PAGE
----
How to Write Automation Test Cases?

Automated testing has great potential to save a lot of time and resources in your organisation. Some software products, such as the Microsoft Dynamics 365 ERP and CRM suite, are particularly complex and are updated frequently. These features make manual testing of D365 a real challenge. Yet, writing your test cases for automated testing also requires some effort. In this article, you will learn about the steps involved in the process of writing automation test cases and how it can be accelerated.

Choose right tests for automation

To make test automation successful, you must first determine whether the features you want to test are suitable for automation.

Automation is effective for tests that are challenging to execute manually. This could be due to their repetitiveness and execution across different software and hardware platforms and data sets, or it could be due to extensive test coverage. At the same time, such tests should ideally not require human supervision during their execution.

For example, user experience tests cannot be executed without human testers as they assess personal evaluation of the experience provided by a digital product. Meanwhile, regression, performance, functional, unit, data-driven and smoke tests can be successfully executed by automated tools.

What should test case include?

Automation requires a very careful approach to test creation. As a rule, you will need to break down the test procedures even more than with manual tests.

Therefore, your test case should contain clear information about the correct state of your application. To reach this state, the tested software may require a certain time. To provide this time, include synchronisation and wait statements to the test case.

Next, create detailed steps of the testing process. This includes the requirements for data entry, an algorithm for reaching the next required state of your application, and the steps that return the software to its initial state.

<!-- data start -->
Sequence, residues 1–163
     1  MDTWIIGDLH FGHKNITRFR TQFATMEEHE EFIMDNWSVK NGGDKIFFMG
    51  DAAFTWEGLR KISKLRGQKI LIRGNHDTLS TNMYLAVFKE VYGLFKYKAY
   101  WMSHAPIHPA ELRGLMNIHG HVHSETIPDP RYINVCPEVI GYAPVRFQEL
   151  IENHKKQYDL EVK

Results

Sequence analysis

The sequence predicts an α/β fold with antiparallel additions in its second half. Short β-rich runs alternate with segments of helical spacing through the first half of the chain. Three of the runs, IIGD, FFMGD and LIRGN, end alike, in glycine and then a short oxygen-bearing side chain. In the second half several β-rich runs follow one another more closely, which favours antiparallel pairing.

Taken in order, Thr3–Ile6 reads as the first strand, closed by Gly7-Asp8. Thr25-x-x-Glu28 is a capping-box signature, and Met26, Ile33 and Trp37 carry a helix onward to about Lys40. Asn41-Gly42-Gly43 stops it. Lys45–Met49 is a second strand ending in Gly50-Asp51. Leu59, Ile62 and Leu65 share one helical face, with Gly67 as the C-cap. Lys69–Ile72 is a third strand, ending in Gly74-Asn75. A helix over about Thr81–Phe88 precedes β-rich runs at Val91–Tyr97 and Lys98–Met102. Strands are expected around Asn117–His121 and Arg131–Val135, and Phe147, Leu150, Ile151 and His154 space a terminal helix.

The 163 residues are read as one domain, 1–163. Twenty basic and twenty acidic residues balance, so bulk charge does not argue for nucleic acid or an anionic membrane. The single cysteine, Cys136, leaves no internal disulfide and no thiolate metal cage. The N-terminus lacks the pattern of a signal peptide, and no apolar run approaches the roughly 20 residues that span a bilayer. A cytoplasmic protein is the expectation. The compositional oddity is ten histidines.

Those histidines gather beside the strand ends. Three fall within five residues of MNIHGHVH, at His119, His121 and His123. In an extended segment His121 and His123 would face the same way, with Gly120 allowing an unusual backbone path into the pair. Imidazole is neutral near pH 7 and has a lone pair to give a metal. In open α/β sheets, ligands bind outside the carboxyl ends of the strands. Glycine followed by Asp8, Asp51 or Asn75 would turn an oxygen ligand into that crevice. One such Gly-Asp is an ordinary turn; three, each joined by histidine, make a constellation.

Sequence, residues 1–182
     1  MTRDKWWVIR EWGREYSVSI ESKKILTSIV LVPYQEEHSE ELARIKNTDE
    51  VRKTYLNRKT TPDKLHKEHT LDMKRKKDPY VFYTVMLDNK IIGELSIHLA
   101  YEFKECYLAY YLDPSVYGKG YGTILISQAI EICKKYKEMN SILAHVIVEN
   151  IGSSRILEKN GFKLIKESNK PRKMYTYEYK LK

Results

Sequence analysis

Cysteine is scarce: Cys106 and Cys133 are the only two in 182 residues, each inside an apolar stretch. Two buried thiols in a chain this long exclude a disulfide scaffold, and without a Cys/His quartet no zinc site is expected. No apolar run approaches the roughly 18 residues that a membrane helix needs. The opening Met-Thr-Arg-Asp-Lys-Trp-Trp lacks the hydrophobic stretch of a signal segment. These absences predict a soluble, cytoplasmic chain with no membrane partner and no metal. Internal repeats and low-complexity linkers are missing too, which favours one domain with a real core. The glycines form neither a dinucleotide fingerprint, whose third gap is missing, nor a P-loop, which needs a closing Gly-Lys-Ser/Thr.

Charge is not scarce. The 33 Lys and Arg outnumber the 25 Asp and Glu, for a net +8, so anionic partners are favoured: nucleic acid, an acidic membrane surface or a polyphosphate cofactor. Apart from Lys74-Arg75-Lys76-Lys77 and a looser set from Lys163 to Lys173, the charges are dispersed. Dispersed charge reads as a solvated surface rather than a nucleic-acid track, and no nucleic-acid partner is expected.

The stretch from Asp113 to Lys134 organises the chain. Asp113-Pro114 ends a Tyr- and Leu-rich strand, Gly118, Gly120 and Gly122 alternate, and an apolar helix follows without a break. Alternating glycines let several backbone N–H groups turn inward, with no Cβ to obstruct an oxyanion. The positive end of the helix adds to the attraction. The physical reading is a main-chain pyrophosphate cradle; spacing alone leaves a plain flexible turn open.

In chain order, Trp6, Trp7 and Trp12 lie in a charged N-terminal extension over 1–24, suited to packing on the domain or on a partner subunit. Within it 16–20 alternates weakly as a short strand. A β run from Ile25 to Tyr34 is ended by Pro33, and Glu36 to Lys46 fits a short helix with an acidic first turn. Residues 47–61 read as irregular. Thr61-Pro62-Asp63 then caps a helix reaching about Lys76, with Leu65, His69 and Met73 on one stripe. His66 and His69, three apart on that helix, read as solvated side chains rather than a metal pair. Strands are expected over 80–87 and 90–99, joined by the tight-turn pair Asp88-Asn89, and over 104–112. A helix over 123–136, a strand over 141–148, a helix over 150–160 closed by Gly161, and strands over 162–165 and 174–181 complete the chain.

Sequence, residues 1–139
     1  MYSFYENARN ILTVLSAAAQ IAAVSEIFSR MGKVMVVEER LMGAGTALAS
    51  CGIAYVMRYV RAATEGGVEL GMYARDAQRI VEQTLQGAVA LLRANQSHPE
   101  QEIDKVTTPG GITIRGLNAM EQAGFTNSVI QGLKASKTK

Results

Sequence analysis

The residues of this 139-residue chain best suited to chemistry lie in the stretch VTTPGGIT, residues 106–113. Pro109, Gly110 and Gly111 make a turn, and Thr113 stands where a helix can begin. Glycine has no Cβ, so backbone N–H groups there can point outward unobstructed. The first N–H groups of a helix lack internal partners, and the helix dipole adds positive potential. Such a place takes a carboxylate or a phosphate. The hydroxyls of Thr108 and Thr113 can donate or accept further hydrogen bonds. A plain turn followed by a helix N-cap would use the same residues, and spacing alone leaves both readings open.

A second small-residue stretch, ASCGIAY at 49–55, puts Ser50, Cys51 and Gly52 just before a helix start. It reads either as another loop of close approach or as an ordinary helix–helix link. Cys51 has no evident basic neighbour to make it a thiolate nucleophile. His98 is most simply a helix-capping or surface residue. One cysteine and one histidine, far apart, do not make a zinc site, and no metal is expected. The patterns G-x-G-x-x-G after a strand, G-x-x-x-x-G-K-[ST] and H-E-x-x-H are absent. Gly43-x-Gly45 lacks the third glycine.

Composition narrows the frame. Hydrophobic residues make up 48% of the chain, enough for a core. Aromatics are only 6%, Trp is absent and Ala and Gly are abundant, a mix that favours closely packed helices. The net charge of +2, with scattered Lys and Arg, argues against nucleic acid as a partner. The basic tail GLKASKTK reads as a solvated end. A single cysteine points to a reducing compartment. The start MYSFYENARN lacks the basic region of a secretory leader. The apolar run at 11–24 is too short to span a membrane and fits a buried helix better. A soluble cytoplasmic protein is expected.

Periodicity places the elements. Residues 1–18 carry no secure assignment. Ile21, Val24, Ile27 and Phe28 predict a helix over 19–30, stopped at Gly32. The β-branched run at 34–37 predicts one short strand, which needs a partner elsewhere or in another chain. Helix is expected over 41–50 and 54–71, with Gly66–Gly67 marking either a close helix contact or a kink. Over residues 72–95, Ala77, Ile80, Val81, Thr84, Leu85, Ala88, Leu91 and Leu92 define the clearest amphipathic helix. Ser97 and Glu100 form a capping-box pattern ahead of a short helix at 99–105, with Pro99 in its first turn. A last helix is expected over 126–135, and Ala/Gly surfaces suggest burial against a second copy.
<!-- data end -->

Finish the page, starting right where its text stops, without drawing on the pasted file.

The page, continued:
Add comments that will explain the components of your test case.

Your test case should also include debugging instructions that can be used to fix specific test problems without your intervention.

Finally, your test case should include output statements. These allow you to automatically record the test results.

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Effective ways to simplify automation test cases

As you can see, you need to create appropriate test cases to automate the testing process. This step of the automation process can be rather confusing and time-consuming, especially if your team has just switched to an automated testing tool. Below are recommendations that will make the test creation process easier.

Choose No-Code Tool

An effective codeless tool can help your team significantly reduce test case creation time. Executive Automats, for example, has a user-friendly interface that allows users to create test cases without writing a single line of code. Not only does it reduce the effort of professional testers, but also allows users without a technical background to create and execute the necessary tests without relying on testing specialists.

With Executive Automats, you can also automate report generation.

Narrowing Test Scope

Automation creates more opportunities for testers to improve the testing process. However, you should remain realistic about its capabilities. If you want to test more, it is better to create a larger number of simple tests and use the ability to run them autonomously at any time, rather than trying to squeeze a large volume of tested functionalities into a single test.

Break down complex test cases into simple and logical units and keep them specific to their purpose. Even if you do not have to write code for your test cases, you will still find it useful because the results of such tests will be clearer.

Minimise Test Verification Points and Responsibilities

The more conditions your application has to meet to pass the test, the harder it will be for you to derive meaningful information from the test, especially if the system fails.

To understand exactly when and why the software failed, you should try to create your test cases with a single verification point. If this is not possible in some cases, you can use several verification points, but make sure they are closely linked and work as a group.

Similarly to passing criteria, your test case should have a single clear responsibility. If you give your test cases multiple responsibilities, it becomes unclear what the purpose of your test is in the first place.

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